Yesterday I visited Wesley’s Chapel in City Road and the Bunhill Fields Burial Grounds directly across the street. I had planned for several hours exploring the chapel – which also houses the Methodist Museum and the Foundery Chapel – and John Wesley’s house next door. But a meeting I was at beforehand overran by several hours, giving me 30 minutes for the task. Most unsatisfactory, I shall just have to go again soon, because there is much to enjoy.
John Wesley (1703 – 1791), founded Methodism in 1739, inspired largely by Moravian doctrine (which he couldn’t fully embrace because of certain creeds he considered heretical). He became a hugely popular itinerant preacher, proselytising – typically outdoors – to thousands of would-be converts and followers around Britain and Ireland. Methodism was an almost instant success, both at home and internationally.
With a grant of land from the City of London, Wesley built Wesley’s Chapel in 1778, next door the earlier – and by comparison, tiny – Foundery Chapel (which still exists). The Grade I listed church is significant architecturally because it was designed by George Dance the Younger, City of London Surveyor, the vast majority of whose works have been demolished down the years. (coincidentally, see my previous post on Pitzhanger – I’m unintentionally having a bit of a George Dance week).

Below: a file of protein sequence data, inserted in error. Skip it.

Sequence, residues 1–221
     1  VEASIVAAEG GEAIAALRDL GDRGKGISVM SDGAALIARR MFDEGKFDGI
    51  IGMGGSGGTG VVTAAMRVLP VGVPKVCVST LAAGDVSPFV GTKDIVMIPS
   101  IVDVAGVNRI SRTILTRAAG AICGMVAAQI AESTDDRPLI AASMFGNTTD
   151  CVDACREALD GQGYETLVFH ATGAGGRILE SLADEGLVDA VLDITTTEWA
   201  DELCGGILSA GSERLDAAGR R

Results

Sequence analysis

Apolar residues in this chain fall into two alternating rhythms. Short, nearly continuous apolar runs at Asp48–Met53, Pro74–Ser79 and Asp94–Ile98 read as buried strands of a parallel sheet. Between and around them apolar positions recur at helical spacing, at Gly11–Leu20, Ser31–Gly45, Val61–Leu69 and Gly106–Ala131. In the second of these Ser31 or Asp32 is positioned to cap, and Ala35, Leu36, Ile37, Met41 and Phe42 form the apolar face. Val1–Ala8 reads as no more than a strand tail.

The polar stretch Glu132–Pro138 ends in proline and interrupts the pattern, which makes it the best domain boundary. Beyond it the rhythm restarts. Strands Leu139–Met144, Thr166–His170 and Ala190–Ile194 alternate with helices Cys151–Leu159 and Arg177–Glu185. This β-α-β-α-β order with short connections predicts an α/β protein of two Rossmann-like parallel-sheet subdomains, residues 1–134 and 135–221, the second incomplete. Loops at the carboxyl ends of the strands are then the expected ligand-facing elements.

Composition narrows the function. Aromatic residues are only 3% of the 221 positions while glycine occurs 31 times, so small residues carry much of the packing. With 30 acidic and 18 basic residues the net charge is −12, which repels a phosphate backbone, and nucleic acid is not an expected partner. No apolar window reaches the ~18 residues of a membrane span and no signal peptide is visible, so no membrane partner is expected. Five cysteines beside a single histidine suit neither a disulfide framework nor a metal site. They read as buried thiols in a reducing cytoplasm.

We say goodbye to Wesley and cross the road to the Bunhill Fields Burial Grounds. This area has been a burial place for over a millennium, at one stage a plague pit used to deal with overflow corpses from the City. It became an unconsecrated cemetery for non-conformists from the 1660s. Bunhill Fields played that role until closed in 1852 during the programme of moving cemeteries to the suburbs as a measure to counteract epidemics. Since then it has been maintained by the City of London Corporation as a public garden. Its three most notable “residents” are Daniel Defoe, William Blake and John Bunyan. But also buried here are the noted hymnologist Isaac Watts and Richard Cromwell, eldest son and ill-fated Lord Protector on the death of his father, Oliver Cromwell. After the Restoration and a short period in exile, Cromwell Junior returned to England and lived to a ripe old age – a very lucky man given the fate of others from the Commonwealth regime.